February 27, 2021

Europe Is Urged to Take Bolder Action on Debt

The stock sell-off, which began in Europe and continued in the United States, was prompted by news that an important German member of the European Central Bank was resigning, creating new uncertainty for the euro monetary union’s ability to take unified action.

But adding to the gloom was a word of caution from one G-7 attendee, the United States Treasury secretary, Timothy F. Geithner, that headwinds from Europe’s deepening debt crisis risked hitting the United States at a time when its own economy was still weak.

He urged European leaders to take more forceful action to show they were committed to resolving their problems. But he did not say the United States was prepared to backstop them to prevent the crisis from spreading.

There were also admonishments from the chief of the International Monetary Fund, Christine Lagarde, who said it was time for Europe’s policy makers to take bold and unified action to see the global economy through what she described as a “dangerous phase.”

By the end of the day, the Europeans had acknowledged the seriousness of the situation and were eager to reassure markets.

The G-7 finance officials issued a statement declaring its members were “committed to a strong and coordinated international response” to the crisis and the slowdown in global growth. But the group stopped short of taking explicit action to address tensions that have worsened in financial markets over the last month. Coordinated action might be left to the Group of 20 industrial and emerging economies, which includes China and has started to eclipse the G-7 in influence.

In the meantime, a senior American official said, until European parliaments vote later this month on whether to expand a bailout fund for the crisis, the European Central Bank has enough firepower to keep Spain and Italy from catching the contagion.

Some economists are not so sure of that.

“I do think the United States needs to try to prepare for what might happen if the European crisis is not resolved soon,” said Martin N. Baily, a senior fellow at the Brookings Institution and a former chief of the Council of Economic Advisors during the Clinton Administration.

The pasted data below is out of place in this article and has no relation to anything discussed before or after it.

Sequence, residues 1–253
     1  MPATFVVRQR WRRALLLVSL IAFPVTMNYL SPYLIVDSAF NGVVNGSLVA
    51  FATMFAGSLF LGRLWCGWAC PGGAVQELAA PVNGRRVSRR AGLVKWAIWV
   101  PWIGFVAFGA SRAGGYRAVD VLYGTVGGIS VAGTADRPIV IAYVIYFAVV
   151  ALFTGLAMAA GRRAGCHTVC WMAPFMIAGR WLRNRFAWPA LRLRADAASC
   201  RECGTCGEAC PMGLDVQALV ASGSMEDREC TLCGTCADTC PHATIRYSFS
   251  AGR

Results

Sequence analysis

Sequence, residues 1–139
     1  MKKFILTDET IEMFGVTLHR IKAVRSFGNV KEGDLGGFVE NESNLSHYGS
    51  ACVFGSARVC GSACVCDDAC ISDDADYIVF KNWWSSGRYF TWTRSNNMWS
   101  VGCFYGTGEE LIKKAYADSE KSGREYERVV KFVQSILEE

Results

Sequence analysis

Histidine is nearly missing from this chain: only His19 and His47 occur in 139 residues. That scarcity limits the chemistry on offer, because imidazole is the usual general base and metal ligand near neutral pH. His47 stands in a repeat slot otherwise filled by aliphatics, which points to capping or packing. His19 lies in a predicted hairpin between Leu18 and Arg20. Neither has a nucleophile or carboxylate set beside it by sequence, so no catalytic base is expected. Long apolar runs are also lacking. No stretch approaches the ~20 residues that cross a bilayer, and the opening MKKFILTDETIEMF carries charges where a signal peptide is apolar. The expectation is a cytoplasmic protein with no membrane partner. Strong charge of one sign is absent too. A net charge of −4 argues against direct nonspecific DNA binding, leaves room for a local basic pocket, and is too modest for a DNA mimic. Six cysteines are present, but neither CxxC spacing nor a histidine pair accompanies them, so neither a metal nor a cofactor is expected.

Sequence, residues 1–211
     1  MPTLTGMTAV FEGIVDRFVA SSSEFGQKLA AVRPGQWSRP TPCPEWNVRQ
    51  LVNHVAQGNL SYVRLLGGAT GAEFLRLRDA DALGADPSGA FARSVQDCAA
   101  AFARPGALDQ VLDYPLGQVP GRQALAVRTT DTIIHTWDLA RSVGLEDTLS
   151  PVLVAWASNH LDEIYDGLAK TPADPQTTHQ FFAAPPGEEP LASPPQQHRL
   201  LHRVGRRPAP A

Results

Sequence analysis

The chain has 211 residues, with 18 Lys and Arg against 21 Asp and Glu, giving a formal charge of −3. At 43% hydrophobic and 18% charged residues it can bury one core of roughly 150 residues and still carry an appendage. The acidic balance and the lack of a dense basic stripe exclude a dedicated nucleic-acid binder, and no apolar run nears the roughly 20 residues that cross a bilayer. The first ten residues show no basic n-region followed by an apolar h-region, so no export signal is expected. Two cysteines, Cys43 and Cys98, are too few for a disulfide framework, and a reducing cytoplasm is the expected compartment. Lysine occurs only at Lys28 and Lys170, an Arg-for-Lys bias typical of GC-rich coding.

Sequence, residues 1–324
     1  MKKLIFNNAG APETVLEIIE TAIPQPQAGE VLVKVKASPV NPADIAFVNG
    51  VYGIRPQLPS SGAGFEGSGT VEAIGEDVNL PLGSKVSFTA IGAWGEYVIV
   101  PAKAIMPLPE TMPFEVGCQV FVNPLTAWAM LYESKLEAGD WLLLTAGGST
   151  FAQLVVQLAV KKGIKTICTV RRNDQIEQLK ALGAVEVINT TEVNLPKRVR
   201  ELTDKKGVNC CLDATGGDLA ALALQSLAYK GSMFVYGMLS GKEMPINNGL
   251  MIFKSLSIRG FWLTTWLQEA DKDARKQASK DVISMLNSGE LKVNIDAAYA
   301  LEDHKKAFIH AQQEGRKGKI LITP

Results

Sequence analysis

In the financial crisis of 2008, he noted, the United States Federal Reserve lent a lot of money to the Europeans who needed it at that time. “I think they should work with the E.C.B. and the main governments of Europe now to make sure that we do not fall again into a liquidity crisis, a solvency crisis with the banks,” Mr. Baily said.

One nation that is not part of the G-7 but has the world’s second-biggest economy and its largest stash of foreign reserves — China — has been seen as a potential rescuer, if it were to help shore up the weaker European economies by buying up more of their government bonds.

But don’t count on it.

China already has apparently poured tens of billions of dollars worth of foreign reserves into euro-denominated investments this year. But Chinese officials are still cautious about taking big risks with the country’s $3.2 trillion nest egg. When considered in the context of China’s 1.3 billion people, that nest egg is not necessarily an infinite treasure.

“China is a poor country with only $4,000 per capita income,” Yu Yongding, a Chinese top economist and former member of the central bank’s monetary policy committee said in an interview in China. “To talk and think about China to rescue countries with $40,000 per capita incomes is ridiculous.”

China is ready to help, Mr. Yu said, “but European countries first should show that they have a clear road map and convincing policies to preserve the euro and solve their problems as well as the political will to make necessary sacrifices.”

And so, with mounting worries of a new recession in the United States and Europe, the G-7 finance ministers have little choice but to focus on restoring growth — even at the risk of running up further deficits and debt.

Keith Bradsher contributed reporting from Hong Kong and Landon Thomas contributed reporting from London.

Article source: http://www.nytimes.com/2011/09/10/business/global/g-7-faces-calls-for-urgent-action-to-spur-growth.html?partner=rss&emc=rss

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